IN THE GAMBLER, Mark Wahlberg plays a rogue professor who's a dick to everyone, deliberately gambles away small fortunes of his family's money, exploits minorities, abuses his position of authority to bang his hottest student (Brie Larson), and worst of all, doesn't even seem to be enjoying himself.
Wahlberg's Jim Bennett is basically Bad Professor (à la a bad lieutenant or a bad Santa), but instead of swearing and swagger, we get dilettantish navel gazing and boo-hoo freshman-year philosophy sermons. You get the feeling Bennett is the filmmakers' idea of a romantic—an uncompromising, dangerous type—but he's never actually in real danger and comes off like a pissy child who's only breaking plates so his mommy will pay attention. And the plates don't matter because they're rich!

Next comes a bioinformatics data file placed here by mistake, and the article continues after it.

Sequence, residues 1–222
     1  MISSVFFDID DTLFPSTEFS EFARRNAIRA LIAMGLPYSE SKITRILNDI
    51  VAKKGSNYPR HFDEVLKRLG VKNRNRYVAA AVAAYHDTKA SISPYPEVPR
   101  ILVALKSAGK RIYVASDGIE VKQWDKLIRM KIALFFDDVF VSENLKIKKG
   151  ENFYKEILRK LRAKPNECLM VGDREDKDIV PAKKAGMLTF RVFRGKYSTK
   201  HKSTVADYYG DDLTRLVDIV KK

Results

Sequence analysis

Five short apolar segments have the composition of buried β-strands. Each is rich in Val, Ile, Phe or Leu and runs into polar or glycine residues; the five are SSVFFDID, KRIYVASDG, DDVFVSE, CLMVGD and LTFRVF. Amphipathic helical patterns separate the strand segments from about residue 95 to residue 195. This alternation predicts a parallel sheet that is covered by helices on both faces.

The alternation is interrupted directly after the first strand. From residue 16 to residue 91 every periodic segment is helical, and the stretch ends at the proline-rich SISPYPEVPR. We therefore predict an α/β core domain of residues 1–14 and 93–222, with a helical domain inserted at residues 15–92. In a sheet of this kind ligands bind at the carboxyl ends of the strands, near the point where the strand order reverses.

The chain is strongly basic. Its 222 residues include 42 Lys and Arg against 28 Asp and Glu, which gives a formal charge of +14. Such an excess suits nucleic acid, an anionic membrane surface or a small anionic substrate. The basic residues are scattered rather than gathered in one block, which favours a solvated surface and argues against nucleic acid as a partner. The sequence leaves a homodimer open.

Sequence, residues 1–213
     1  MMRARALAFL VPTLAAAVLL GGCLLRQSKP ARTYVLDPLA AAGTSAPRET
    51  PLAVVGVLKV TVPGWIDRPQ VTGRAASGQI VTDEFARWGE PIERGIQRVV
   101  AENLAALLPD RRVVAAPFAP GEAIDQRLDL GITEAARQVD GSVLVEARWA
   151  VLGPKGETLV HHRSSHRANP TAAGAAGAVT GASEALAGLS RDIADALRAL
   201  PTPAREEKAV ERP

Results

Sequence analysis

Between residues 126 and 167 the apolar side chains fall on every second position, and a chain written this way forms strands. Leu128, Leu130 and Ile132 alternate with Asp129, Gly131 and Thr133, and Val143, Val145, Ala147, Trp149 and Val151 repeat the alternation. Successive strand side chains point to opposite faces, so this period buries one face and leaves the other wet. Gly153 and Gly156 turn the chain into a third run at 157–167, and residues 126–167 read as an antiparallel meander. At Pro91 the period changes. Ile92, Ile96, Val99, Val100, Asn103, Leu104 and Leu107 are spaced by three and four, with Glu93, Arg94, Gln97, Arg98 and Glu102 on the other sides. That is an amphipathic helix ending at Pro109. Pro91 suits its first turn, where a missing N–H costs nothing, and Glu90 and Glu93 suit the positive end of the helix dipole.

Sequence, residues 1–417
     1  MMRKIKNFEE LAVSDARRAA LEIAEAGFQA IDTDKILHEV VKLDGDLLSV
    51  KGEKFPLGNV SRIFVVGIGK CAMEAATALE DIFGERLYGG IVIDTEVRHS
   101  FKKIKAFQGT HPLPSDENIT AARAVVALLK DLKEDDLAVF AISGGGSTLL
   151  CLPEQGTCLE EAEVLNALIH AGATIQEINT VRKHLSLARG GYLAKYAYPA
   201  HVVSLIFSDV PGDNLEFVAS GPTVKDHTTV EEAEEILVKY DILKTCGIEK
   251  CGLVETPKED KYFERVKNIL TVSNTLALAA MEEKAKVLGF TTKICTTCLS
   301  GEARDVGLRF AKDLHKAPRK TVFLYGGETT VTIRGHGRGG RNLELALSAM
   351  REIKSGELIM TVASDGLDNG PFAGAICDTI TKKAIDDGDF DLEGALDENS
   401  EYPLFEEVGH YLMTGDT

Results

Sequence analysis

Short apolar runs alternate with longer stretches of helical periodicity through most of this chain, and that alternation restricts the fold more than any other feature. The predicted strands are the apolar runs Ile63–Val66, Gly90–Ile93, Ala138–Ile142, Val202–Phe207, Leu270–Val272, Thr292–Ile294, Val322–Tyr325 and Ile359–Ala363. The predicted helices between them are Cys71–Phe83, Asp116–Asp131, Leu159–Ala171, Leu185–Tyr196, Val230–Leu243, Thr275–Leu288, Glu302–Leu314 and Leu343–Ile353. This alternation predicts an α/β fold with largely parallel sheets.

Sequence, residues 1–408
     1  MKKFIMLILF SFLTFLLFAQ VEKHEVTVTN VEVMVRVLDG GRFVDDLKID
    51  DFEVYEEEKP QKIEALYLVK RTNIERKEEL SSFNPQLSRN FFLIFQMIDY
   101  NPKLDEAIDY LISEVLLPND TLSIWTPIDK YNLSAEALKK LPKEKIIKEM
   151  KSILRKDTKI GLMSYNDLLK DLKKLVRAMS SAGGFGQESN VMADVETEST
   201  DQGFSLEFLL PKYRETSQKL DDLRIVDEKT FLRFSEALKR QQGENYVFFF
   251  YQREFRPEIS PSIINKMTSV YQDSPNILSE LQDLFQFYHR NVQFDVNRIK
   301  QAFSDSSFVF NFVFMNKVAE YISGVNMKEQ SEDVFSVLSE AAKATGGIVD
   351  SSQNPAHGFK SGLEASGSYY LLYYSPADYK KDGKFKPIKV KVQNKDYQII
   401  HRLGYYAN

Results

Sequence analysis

At the very least, The Gambler made me glad it's not the '70s anymore. The original film, based on a supposedly semi-autobiographical screenplay by epic blowhard James Toback, came out in 1974—a time when readers and audiences were expected to care about every sullen protagonist with a boner, so long as he could string together a few polysyllabic phrases about his own disaffection. Waaah, money's just a collective illusion, waaah, I'm too important to settle for an average life. I guess there was a time when that kind of affected nihilism seemed revolutionary (mostly to Boomers), but nowadays we just recognize it as coddled.